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Details of Grant 

EPSRC Reference: EP/R001685/1
Title: compact Cold-Atom Sources (cCAS)
Principal Investigator: Foot, Professor CJ
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Department: Oxford Physics
Organisation: University of Oxford
Scheme: Technology Programme
Starts: 01 February 2017 Ends: 31 January 2018 Value (£): 196,521
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Summary on Grant Application Form
We shall develop compact cold-atom sources for the alkali metals rubidium, caesium and potassium; and for the alkaline-earth metal strontium (Sr). These are very suitable for a range of applications in quantum technology and a components in the construction of apparatus for scientific research more broadly.

Magneto-optical traps (MOTs) can capture slow atoms directly from an atomic vapour at room temperature to provide a very convenient source of cold atoms. We have used an arrangement of four triangular mirrors arranged as a pyramid inside the vacuum region to make a MOT in three separate experiments over the years. Recently we developed an improved design that is more compact and adjustable than other sources. A patent application covering the innovative features of this pyramid-MOT was applied for in April 2016 and we are constructing a prototype working with rubidium (Rb). We will develop this into a commercial product integrated with a laser system produced by M Squared Lasers (MSL). The company's titanium-doped sapphire lasers provide a high power, relative to other tuneable lasers, and unmatched stability. We shall make full use of the available laser power by tailoring the size of the mirrors and enclosing vacuum chamber to produce a high flux of atoms. This will a give strong signals and high repetition rate of measurements in instruments such as atomic interferometers which as the basis of the quantum technology used in gravimeters, gyroscopes etc. This device can laser cool the other alkali metal atoms Cs and K, and light at all the wavelengths required is available from MSL. Compact and reliable cold-atom sources are of themselves a useful device that can be sold in the scientific equipment market that constitutes much of MSL's present sales.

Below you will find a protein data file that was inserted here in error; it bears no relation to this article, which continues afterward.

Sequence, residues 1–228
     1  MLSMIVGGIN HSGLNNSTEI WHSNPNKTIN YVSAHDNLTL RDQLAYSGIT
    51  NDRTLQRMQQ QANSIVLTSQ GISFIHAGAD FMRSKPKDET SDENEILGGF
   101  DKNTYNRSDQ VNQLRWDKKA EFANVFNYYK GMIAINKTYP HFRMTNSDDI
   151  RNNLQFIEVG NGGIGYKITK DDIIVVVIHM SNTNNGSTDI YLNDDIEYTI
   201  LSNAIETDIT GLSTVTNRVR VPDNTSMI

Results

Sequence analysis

While working on compact cold-atom sources we have noted the rapidly increasing interest in using cold strontium atoms for optical-lattice clocks, matter-wave interferometers and experiments with ultracold quantum gases. Strontium has intrinsic advantages such as rapid laser cooling, insensitivity to external magnetic fields and, for some isotopes, inter-atomic collisions are almost negligible. However working with cold Sr atoms much more technically demanding than Rb. In the traditional approach to laser cooling this species Sr atoms pass along the axis of a tapered solenoid (so-called Zeeman slowing developed in the 1980s) and many more laser wavelengths are required than for an alkali metals (Rb etc.) - up to 6 wavelengths for a Sr optical-lattice clock. However the availability of reliable lasers (from MSL) will make it possible to use Sr in products in the short term (within 5 years). Reportedly there have been attempts to make more compact sources of cold Sr using approaches similar to those for Rb but, for reasons explained in the proposal, a different method is more feasible. Our approach combines aspect of Zeeman slowing with long magnets with the compactness of in-vacuum mirrors (as in our pyramid design). In a further step we can develop this into a pulsed source that allows rapid loading of a high number of atoms (e.g. in 0.01 s) but with a much reduced flux of atoms during the measurement period (e.g. 1 s for some clocks). This mode of operation, with a pulsed valve, conserves atoms so that the oven does not need frequent reloading which is inconvenient especially for a field-deployed interferometer. The team in Oxford are not using Sr (although the PI has in the past) but the expertise is available to build the novel design (with features that we can patent, as in the work on Rb). The optimum outcome would provide a competitive edge for a product manufactured by MSLs. Licensing, or other, will be managed through Oxford University Innovation Ltd (as for the cold-atom source of Rb) to protect the technology and ensure that it remains part of a UK-based industry.
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Organisation Website: http://www.ox.ac.uk